Beijing court tells employers to resolve labour disputes through negotiation

Employers need to abide by China’s labour laws and resolve labour disputes through negotiations with workers and the trade union as equal partners, the deputy head of Beijing’s No. 1 Intermediate Court, Sun Guoming, has stated.

Speaking at a press conference to discuss the labour dispute cases handled by the court since the implementation of the 2008 Labour Contract Law, Sun stressed that proper employment contracts that protect the rights and interests of employees should form the basis of labour relations and that employers should “open up channels for workers to voice their demands and grievances.”

The comments back-up CLB’s conclusion that the Labour Contract Law has largely failed to protect workers, and that the vast majority of labour disputes in China are simply the result of employers violating labour laws and regulations and refusing to negotiate or bargain with their employees.

Over the last eight years, the Beijing No. 1 Intermediate Court handled 21,598 labour dispute cases, an average of 2,699 cases per year. The vast majority of these cases (99.8 percent) were appeals from cases heard in Beijing’s district courts and took on average 53 days to resolve.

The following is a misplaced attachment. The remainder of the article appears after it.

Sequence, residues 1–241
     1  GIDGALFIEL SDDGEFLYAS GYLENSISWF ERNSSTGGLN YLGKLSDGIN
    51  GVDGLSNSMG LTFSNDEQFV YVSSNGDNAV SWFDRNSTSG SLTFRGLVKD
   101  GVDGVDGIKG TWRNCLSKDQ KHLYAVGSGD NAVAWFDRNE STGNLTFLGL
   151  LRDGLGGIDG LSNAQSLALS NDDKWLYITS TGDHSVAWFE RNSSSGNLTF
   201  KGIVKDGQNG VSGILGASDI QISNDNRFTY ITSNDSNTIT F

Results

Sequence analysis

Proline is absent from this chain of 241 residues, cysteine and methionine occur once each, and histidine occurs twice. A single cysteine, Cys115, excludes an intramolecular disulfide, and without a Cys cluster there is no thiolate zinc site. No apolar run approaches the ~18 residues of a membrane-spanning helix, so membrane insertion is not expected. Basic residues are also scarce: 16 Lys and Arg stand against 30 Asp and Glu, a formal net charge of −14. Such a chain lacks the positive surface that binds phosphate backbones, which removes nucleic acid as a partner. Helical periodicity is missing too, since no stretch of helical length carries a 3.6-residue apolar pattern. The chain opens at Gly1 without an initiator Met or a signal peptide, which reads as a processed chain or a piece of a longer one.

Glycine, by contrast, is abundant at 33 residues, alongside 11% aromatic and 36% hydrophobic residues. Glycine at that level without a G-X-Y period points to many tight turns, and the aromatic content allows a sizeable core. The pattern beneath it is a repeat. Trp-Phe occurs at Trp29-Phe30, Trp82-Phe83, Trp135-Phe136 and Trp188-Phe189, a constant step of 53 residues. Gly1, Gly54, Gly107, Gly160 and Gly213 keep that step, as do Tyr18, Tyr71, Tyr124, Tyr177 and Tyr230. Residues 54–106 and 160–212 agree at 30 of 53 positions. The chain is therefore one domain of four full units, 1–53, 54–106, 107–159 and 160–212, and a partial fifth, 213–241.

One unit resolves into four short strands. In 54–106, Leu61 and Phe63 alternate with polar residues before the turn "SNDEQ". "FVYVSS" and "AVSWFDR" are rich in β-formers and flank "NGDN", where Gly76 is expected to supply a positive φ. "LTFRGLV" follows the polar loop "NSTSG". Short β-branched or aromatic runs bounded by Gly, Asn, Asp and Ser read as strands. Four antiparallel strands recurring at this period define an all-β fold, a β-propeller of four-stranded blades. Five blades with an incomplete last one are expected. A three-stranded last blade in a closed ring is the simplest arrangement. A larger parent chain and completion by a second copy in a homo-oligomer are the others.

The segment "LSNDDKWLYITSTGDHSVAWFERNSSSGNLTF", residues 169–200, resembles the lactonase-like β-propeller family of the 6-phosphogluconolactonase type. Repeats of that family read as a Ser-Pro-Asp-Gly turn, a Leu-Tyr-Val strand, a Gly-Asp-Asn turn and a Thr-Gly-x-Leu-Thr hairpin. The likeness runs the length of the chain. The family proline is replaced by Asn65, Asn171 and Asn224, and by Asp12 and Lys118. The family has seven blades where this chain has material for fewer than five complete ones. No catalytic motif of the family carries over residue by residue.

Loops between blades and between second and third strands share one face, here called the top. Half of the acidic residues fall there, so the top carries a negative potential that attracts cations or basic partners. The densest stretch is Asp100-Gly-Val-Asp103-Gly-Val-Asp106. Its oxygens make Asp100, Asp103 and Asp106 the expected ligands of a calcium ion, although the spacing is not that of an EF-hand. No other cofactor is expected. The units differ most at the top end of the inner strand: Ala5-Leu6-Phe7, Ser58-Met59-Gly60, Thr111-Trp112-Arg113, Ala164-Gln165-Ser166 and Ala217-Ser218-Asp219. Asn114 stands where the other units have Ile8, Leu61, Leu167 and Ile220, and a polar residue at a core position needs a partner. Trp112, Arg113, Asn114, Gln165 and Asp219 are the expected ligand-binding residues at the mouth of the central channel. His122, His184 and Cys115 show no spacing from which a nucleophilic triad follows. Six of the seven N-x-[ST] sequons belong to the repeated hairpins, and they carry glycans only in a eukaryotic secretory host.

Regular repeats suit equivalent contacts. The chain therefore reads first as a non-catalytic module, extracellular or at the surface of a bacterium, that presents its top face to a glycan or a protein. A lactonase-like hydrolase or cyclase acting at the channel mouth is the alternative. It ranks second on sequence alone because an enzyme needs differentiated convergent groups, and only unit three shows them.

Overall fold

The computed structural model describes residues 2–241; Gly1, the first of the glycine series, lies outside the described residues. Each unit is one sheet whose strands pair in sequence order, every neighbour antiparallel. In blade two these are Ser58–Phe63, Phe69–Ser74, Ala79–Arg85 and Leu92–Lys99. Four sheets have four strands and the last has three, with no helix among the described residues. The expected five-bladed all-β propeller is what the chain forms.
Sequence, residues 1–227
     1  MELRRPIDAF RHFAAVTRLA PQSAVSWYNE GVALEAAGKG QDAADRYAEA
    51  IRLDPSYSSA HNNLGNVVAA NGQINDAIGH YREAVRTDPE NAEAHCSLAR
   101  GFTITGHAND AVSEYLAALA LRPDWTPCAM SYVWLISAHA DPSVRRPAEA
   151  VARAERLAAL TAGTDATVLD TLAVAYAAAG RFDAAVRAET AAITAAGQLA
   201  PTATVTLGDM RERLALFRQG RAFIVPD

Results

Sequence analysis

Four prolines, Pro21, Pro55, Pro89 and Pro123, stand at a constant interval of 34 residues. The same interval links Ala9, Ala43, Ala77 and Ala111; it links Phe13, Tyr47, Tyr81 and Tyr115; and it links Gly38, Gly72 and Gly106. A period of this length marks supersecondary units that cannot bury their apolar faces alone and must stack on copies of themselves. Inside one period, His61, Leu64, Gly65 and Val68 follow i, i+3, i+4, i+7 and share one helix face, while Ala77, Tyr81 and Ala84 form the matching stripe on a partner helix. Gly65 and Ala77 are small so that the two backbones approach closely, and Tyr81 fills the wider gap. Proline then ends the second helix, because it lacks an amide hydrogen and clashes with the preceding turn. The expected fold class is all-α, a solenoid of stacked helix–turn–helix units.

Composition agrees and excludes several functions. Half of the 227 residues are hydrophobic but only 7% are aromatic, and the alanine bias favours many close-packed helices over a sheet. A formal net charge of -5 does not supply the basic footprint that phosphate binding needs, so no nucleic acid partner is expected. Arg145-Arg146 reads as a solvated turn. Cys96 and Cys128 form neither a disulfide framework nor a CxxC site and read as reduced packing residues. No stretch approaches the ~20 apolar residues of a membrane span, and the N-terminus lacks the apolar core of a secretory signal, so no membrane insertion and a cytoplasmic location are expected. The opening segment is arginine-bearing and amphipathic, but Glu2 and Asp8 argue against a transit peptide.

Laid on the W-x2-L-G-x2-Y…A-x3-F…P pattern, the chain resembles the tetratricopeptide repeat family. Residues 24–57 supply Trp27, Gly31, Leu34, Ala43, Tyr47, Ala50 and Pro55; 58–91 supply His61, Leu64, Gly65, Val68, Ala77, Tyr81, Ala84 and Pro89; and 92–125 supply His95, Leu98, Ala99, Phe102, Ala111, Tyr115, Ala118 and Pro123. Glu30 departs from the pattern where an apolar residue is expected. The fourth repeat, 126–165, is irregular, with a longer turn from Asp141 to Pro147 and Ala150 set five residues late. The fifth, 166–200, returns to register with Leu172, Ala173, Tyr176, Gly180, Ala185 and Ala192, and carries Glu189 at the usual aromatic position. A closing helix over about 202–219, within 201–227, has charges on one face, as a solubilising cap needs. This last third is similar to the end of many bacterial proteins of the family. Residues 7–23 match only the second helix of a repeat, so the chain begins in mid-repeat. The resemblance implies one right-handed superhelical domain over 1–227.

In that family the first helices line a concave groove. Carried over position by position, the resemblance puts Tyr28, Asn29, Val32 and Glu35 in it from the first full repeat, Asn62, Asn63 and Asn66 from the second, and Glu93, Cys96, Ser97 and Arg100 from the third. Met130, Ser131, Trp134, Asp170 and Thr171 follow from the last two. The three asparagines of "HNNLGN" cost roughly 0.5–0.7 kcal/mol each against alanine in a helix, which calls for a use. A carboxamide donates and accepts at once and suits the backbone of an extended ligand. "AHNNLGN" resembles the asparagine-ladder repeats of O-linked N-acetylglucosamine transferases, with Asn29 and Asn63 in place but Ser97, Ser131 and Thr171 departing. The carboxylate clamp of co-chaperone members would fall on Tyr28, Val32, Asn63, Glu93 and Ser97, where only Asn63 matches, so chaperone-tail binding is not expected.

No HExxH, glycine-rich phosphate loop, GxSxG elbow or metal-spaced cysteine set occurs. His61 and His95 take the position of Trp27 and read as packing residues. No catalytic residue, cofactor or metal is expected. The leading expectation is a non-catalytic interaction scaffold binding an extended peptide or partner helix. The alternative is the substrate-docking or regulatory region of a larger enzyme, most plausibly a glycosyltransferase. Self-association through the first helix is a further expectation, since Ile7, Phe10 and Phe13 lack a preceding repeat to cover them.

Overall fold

The intermediate court is usually the third stage in the labour dispute resolution process, following an arbitration hearing and district court proceedings. It is understandable therefore that court officials should feel frustrated at the high volume of cases still making it to their desks.

Official statistics show that the number of cases handled by local labour dispute arbitration committees (LDACs) has steadily increased since the introduction of the Labour Contract Law in January 2008.

Cases handled by China’s labour dispute arbitration committees 2001-2016

China’s LCACs handled 340,030 cases in 2007. This figure nearly doubled during the first year of the Labour Contract Law to stand at 622,719 cases in 2008. By 2016, the figure had reached 827,889, and this excludes the 239,298 cases mediated outside the arbitration system.

As Sun Guoming suggests, the best way to prevent and resolve labour disputes is firstly for employers to comply with the law and secondly for better communication between workers and management. In this regard, enterprise trade unions clearly have a crucial role to play in conveying workers’ demands to management and representing those workers in collective bargaining.

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